Before checking out of the Prospector Hotel & Gambling Hall in Ely, I started digging into alternative things to do in the area, with the hope of finding a place to go that would not be affected by rain.  The best option was to see the Lehman Caves in the Great Basin National Park.  This cave system stays dry and it is a constant temperature year round, so it was a nice choice for a cold rainy day venture.  
     Lehman Caves and the Great Basin National Park are only 65 miles away from Ely, Nevada.  The travel route is easy to navigate and most of the driving is on U.S. Highway 50, which happens to be "America's Loneliest Road."   Highway 50 definitely is a road less traveled and this creates more opportunities to stop the car just to take the scenery in.  
     While browsing for sights to see at the hotel in Ely, I did a search for historic sites and ghost towns along the way to the Great Basin National Park.  As it turned out, the Ward Charcoal Ovens State Historic Site were just a few miles down the road.  Major's Junction and the remnants of the Osceola Ghost Town were along this 65 mile drive too.  As one can see, all it takes is a little bit of internet browsing to find plenty of things to experience, even in the desolate Great Basin Desert!  
     The dirt road to the Ward Charcoal Kilns is well maintained, so it should not be a problem for regular passenger cars or sport utility vehicles, even on a rainy day.  The dirt roads that lead to Osceola Ghost Town are a bit dicier and a high ground clearance vehicle or 4x4 is recommended, especially on a rainy day.  I was driving a low ground clearance Hemi Challenger during the trip, so a muddy road excursion was not a good option.  The best that could be done was to photograph the entrance areas, so it would be easier for readers to find their way to these interesting destinations.
     Major's Junction is high and dry in the mountains on a paved road, so this unique point of interest is easy to get to in any kind of vehicle.  On Highway 50 heading east, starting at about 10 miles before Major's Junction, one cannot help but to think that this region must be great for hunting wild game.  There are mountains, patches of pine and juniper forests, green grassy areas and plenty of watering holes in these wide open spaces.  This is the terrain that mule deer and elk prefer.  
     A little closer to Major's Junction, wild game hunting becomes evident in a big way.  Roadside signs for local hunting guides and wild game meat processors start to pop up every few hundred yards.  Every fence and ranch entrance gateway is covered with deer, elk and pronghorn antlers.  The antlers on some of the fences act as barbed wire and the antlers stretch out side by side for miles.  Some of the large ranch gateway arches were made with so many antlers, that it was impossible to count!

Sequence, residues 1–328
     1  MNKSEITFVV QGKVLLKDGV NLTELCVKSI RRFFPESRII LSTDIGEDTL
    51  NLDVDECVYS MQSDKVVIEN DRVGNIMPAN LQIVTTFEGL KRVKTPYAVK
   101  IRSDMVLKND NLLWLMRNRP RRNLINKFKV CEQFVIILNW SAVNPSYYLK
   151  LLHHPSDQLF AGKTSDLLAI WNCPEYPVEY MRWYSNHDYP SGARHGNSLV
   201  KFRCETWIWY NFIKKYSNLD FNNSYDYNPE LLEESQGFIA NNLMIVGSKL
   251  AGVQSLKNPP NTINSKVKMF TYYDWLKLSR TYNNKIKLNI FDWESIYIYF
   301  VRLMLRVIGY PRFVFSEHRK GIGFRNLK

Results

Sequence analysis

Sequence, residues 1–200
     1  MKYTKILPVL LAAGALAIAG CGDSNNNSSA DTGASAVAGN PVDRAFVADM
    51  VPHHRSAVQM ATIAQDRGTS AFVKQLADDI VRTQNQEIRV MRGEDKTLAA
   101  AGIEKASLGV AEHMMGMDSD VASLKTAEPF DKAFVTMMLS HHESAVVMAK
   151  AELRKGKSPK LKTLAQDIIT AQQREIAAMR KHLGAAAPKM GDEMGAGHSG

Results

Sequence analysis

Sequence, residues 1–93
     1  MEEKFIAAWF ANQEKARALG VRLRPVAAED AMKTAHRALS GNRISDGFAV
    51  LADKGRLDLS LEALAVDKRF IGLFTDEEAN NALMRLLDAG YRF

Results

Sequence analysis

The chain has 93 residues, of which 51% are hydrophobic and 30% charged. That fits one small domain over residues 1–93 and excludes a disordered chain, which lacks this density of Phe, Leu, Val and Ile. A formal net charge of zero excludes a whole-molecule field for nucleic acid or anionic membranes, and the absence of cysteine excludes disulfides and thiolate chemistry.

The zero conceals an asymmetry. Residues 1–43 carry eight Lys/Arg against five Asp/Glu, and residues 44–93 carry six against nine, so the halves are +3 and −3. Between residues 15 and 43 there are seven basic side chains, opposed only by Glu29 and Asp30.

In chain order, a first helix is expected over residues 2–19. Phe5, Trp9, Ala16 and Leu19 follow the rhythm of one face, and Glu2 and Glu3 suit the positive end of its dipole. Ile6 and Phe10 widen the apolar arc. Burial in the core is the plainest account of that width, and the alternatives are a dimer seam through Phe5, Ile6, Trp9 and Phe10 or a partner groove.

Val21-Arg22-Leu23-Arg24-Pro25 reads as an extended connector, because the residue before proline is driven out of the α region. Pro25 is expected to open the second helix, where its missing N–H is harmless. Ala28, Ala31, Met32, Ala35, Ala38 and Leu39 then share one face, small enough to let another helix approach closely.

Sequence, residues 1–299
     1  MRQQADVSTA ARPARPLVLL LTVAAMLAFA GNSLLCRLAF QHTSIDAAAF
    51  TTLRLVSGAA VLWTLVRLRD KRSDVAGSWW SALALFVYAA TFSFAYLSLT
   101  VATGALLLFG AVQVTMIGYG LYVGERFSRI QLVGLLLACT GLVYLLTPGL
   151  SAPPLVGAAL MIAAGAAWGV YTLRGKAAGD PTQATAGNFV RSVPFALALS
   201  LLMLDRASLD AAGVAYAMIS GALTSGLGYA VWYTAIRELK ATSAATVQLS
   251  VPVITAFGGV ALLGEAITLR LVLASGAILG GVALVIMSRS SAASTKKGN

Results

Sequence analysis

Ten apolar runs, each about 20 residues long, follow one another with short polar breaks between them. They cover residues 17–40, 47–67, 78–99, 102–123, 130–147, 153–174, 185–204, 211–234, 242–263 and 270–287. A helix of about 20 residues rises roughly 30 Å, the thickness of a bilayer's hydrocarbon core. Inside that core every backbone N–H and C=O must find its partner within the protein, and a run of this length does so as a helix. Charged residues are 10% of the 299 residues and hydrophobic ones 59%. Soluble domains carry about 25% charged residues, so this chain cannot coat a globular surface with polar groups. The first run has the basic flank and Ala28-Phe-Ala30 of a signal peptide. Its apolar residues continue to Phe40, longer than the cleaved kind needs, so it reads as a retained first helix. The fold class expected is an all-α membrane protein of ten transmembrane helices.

To a hunter, the sight of tens of thousands of antlers used to decorate ranches is like a dream come true!  Anywhere close to Major's Junction, Nevada, is prime wild game hunting territory.  Hunting is the source of revenue in this region and the hunting is good.  Those who seek a great place for hunting vacation excursion will like what this area has to offer, especially since the historic town of Ely is close by.  Hunting for mule deer and elk in the mountains near Major's Junction is literally like stepping back in time to the golden age of prospecting, when hunting was the only means to survive.
     After passing all the ranches that are decorated with zillions of antlers, Major's Junction comes into view.  Major's Junction is where three western travel routes meet and share one common road for a short stretch.  Highway 50, Highway 6 and Highway 93 all run through this little dot on the map called Major's Junction, which is named after Major's Place.
     Major's Place is an old fashioned bar and restaurant located at the junction.  This bar & grill is a famous destination for motorcycle and car club rallies.  Harley Motorcycle Rally tourism is big in the west and destinations that are out in the wide open spaces are top choice.  Major's Place definitely fits the bill of fare with plenty of good old fashioned hospitality.
     The Major's Station RV Park is also located at the junction.  RV Camper tourism has always been popular out west and Major's Station is well known within this circle.  Those who prefer an RV Camper for a base camp during a hunting venture will surely like this location.
     So, who is Major and why does everything in this junction area have Major's name on it?  There is only one way to find out!  Simply pop into Major's Place for some refreshments and strike up some conversation.  The locals will be happy to fill you in!   
     When considering that it was a rainy travel day in Northern Nevada, all was not lost.  Even in the rain there still were plenty of interesting sites to see.  On a dry day, the dirt access roads to historic sites and old ghost towns are much easier to traverse.  All it takes is doing a little research at the hotel lobby to find plenty of things to do on the 65 mile stretch of road on "America's Loneliest Highway" between Ely and the Great Basin National Park!